skilled in the art to reach the patented invention certainly, directly, and without the necessity of any experiment, and this rule is enforced with peculiar strictness when the alleged disclosure is found in a foreign patent or publication.' Hoskins Mfg. Co. v. General Electric Co., D.C., 212 F. 422, 429; Seymour v. Osborne, 11 Wall. 516, 555, 20 L. Ed. 33; Berry v. Wynkoop-Hallenbeck-Crawford Co. [2 Cir.], 84 F. 646, 651, 28 C.C.A. 505; Westing-house Air-Brake Co. v. Great Northern Railway Co., [2 Cir.], 88 F. 258, 263, 31 C.C.A. 525; Consolidated Car-Heating Co. v. West End St. Ry. Co., 85 F. 662, 665, 29 C.C.A. 386."
Again in Davies v. Coe, 65 App. D.C. 345, 83 F.2d 602, 603, the Court restated the rule: "The disclosure of a foreign patent is to be measured not by what may be made out of it, but what is clearly and definitely expressed in it. In re Ek, 57 App.D.C. 203, 19 F.2d 677; Carson v. American Smelting & Refining Co. [9 Cir], 4 F.2d 463."
In American Stainless Steel Co. v. Ludlum Steel Co., 2 Cir., 290 F. 103, 106, the Court said: "* * * it requires more than prophecy of what may be done, or than declarations of what ought to be accomplished, to make a good patent reference, not to speak of anticipation. It is necessary to show with reasonable certainty how the desired result can be accomplished." (Italics supplied)
In Skelly Oil Co. v. Universal Oil Products Co., 3 Cir., 31 F.2d 427, 431, the rule is again stated that: "Inferences as distinguished from disclosures, especially when drawn in the light of after events, cannot be accepted as a basis of anticipation. A patent relied upon as an anticipation must itself speak."
In Carson v. American Smelting & Refining Co., 9 Cir., 4 F.2d 463, 465, the rule as to anticipation in a foreign patent was forcefully stated: "A foreign patent is to be measured as anticipatory, not by what might have been made out of it, but by what is clearly and definitely expressed in it. An American patent is not anticipated by a prior foreign patent, unless the latter exhibits the invention in such full, clear, and exact terms as to enable any person skilled in the art to practice it without the necessity of making experiments."
The above precedents are quoted to illustrate how our courts have measured the claims on foreign patents set up as anticipations and references. The more the lines 86 to 93 are studied, the more one is convinced that they do not meet the tests laid down in the cases referred to.
In passing on the language in issue here, which, if sufficient in certainty, would serve as an anticipation, it should be borne in mind that we are not considering solely the preferred embodiment of the British patent but a variation or a modification of what the patentee claimed as his perfected device. This of itself reasonably suggests the inquiry whether he really knew or believed his modification in fact was a meritorious claim, or whether he was guessing, prophesying or hoping that it might be.
Turning again to the words "effective to scavange the products of combustion formed at both points of interruption", no doubt another aperture would serve to exhaust the gases at each port, but the plaintiff's device does more than that, and it cannot be surmised by reading the lines 86 to 93, that the patentee, when he wrote the modification, was certain that the vent of the gaseous elements would be equal; that the arcs would be separated, and the oil itself would serve as a barrier between the arcs.
This court is not unmindful of the rule that the decisions of the Patent Commissioner are presumed to be fair, correct and legal, yet this court, in a de novo hearing in equity on the merits of the controversy, feels that such a presumption alone should not serve to deny the applicant the fruits of his genius and labor. No one questions the soundness of a presumption that officials do their duty, and there has been no charge here that their findings are other than fair and correct as they saw the facts. None of us, however, can be said to be free from possible error, and in passing on the merits of causes like this, the language of Judge Learned Hand in the case of Kirsch Mfg. Co. v. Gould Mersereau Co., Inc., 2 Cir., 6 F.2d 793, 794, is impressive as he refers to one "skilled in the art": "An invention is a new display of ingenuity beyond the compass of the routineer, and in the end that is all that can be said about it. Courts cannot avoid the duty of divining as best they can what the day to day capacity of the ordinary artisan will produce. This they attempt by looking at the hostory of the art, the occasion for the invention, its success, its independent repetition at about the same time, and the state of the underlying art, which was a condition upon its appearance at all. Yet, when all is said, there will remain cases when we can only fall back upon such good sense as we may have, and in these we cannot help exposing the inventor to the hazard inherent in hypostatizing such modifications in the existing arts as are within the limited imagination of the journeyman. There comes a point when the question must be resolved by a subjective opinion as to what seems an easy step and what does not. We must try to correct our standard by such objective references as we can, but in the end the judgment will appear, and no doubt be, to a large extent personal, and in that sense arbitrary."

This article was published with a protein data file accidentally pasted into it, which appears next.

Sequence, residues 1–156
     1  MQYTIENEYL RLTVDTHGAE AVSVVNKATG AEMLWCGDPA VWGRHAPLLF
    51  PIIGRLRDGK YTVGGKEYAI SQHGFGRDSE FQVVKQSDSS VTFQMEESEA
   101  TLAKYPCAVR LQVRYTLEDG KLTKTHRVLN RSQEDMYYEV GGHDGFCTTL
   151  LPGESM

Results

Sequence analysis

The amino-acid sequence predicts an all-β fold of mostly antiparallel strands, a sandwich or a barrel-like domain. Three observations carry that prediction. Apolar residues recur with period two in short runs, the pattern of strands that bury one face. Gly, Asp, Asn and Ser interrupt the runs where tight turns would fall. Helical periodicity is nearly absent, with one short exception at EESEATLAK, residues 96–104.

After much consideration and examination of precedents affecting the issue presented here, this court is of the opinion that the disclosure in the modification of the preferred embodiment of the British patent 371,340, lines 86 to 93, page 1, do not teach the invention of the plaintiff Nye, and do not bar the granting of a patent to him on his claims 14, 16, 20, 21 and 22, as set forth in his application serial number 15,999. An order to this effect has been entered.
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